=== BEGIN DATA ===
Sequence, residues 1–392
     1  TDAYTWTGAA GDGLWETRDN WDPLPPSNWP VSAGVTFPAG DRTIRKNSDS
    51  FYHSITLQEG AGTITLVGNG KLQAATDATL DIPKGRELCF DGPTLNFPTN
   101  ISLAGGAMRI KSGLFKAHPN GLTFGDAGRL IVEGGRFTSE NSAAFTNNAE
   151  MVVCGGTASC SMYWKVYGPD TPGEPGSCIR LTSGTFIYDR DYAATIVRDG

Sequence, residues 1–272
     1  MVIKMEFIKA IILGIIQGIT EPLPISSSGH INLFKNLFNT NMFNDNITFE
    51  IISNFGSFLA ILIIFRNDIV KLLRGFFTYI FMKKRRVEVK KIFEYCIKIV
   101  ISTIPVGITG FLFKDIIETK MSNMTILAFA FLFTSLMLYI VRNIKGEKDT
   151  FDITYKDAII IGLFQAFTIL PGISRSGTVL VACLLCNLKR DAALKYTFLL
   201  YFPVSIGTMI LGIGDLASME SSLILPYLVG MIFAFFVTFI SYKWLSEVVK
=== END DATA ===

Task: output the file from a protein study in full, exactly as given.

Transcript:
Sequence, residues 1–392
     1  TDAYTWTGAA GDGLWETRDN WDPLPPSNWP VSAGVTFPAG DRTIRKNSDS
    51  FYHSITLQEG AGTITLVGNG KLQAATDATL DIPKGRELCF DGPTLNFPTN
   101  ISLAGGAMRI KSGLFKAHPN GLTFGDAGRL IVEGGRFTSE NSAAFTNNAE
   151  MVVCGGTASC SMYWKVYGPD TPGEPGSCIR LTSGTFIYDR DYAATIVRDG

Sequence, residues 1–272
     1  MVIKMEFIKA IILGIIQGIT EPLPISSSGH INLFKNLFNT NMFNDNITFE
    51  IISNFGSFLA ILIIFRNDIV KLLRGFFTYI FMKKRRVEVK KIFEYCIKIV
   101  ISTIPVGITG FLFKDIIETK MSNMTILAFA FLFTSLMLYI VRNIKGEKDT
   151  FDITYKDAII IGLFQAFTIL PGISRSGTVL VACLLCNLKR DAALKYTFLL
   201  YFPVSIGTMI LGIGDLASME SSLILPYLVG MIFAFFVTFI SYKWLSEVVK